Details of Former Hartford Mayor Carrie Saxon Perry’s suspicious death surface


Lionel Medina, Staff Writer

The secrecy of the death involving a former Hartford Mayor Carrie Saxon Perry has gone under the radar of public attention for almost a year now.

Public officials and even close friends were also left uninformed and unaware of the news.

Thirman L. Milner, the first African American mayor in New England who stood by Perry from the beginning was among the many people left uninformed and was only recently told of her death.

Milner commented that Perry’s relatives wanted to keep her death a secret, but wishes that he and the city had been notified so that they could have honored her memory.

Word of Perry’s passing surfaced recently on Facebook, with very few details.

“If she was dead there’s no reason not to let the public know, she should have had proper burial service, even if she was cremated, they should have just let City Hall know, let me know, let her friends know,” Milner stated.

She was cremated five days after her death in a crematorium in Berlin without a prior autopsy.

A long-time neighbor on Imlay Street, Nancy Gustafon, also expressed her grievances, stating that she had not seen Perry in a few years.

According to Gustafon, Perry was gone completely when her health was failing and required the assistance of a home health aide.

Other neighbors heard that she relocated to a nursing home but no one knew where.

“Someone would periodically say that they’d heard she’d died and I’d diligently look for an obituary but never saw anything,” Gustafson said. “It’s very unfortunate that she just disappeared that way.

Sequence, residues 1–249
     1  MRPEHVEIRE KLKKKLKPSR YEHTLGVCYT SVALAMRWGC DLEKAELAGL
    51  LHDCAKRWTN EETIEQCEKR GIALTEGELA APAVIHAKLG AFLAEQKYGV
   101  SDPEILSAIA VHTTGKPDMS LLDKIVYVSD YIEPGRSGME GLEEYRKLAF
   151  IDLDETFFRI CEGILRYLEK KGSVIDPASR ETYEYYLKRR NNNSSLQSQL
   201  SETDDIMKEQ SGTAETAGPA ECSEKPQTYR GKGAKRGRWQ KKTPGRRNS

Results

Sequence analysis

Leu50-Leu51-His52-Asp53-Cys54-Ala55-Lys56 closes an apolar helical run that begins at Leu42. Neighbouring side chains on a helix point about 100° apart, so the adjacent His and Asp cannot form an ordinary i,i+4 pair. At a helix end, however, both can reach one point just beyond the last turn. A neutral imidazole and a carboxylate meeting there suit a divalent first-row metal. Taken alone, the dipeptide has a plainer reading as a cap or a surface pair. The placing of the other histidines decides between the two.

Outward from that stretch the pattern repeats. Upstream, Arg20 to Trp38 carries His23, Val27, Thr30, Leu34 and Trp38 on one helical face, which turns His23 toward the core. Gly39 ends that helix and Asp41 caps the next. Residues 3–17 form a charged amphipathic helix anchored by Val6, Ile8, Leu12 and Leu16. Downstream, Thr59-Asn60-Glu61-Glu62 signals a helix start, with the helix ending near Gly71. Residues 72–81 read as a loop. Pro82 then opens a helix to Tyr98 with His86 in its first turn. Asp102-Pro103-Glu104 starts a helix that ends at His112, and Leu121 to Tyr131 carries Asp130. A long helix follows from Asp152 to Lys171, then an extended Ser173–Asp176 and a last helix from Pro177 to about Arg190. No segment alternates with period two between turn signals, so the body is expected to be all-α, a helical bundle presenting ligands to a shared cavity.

It’s very sad. She was a special lady.”

There wasn’t a provided explanation for the notification delay.

No obituary was ever published and her surviving siblings have not spoken of her death. The next of kin as listed on her death certificate is her son James Perry. She also has a sister Beth Perry, whose last known address was in Colorado.

Court records reviewed by the Hartford Courant show that Perry, or members of her family, seemed to be having some financial problems in 2017 and 2018.

A foreclosure notice was filed by a bank on her longtime home at 73 Imlay Street in May 2017. Court records from that case show a debt of more than $200,000 on a mortgage and hadn’t paid nearly $10,000 in city taxes the three previous years.

No one from the family ever appeared in court for the foreclosure case and a judge issued a default ruling on the bank’s behalf in August 2018.

The mortgage company then consequently filed an eviction notice against Perry, her sister Beth and her two sons, Barron and James, in October 2018.

Once again no one appeared and a judge in Hartford Housing Court approved the eviction on Nov. 21, 2018, one day before she died in Waterbury.

City records show that Perry wasn’t eligible for a pension even though she was mayor from 1987-1993.

Myocardial infarction, a heart attack, and kidney and heart disease were concluded as the cause of death.

Perry’s final days took place in Waterbury Hospital. The death certificate indicates that she was at the end stage of renal disease, which is chronic kidney disease.

At the time she was 87. Perry was the first African American woman to be elected mayor of one of the major cities of the Northeast region and served from 1987 to 1993.

State Treasurer Shawn Wooden provided a eulogistic statement of Perry highlighting her invaluable contributions to the community and leading the way in fostering values of leadership, integrity, and the relentless work required to make positive change: “A fierce, outspoken and passionate champion for the City she loved, Mayor Perry understood the City’s potential and the potential of its people, especially those often marginalized in society.”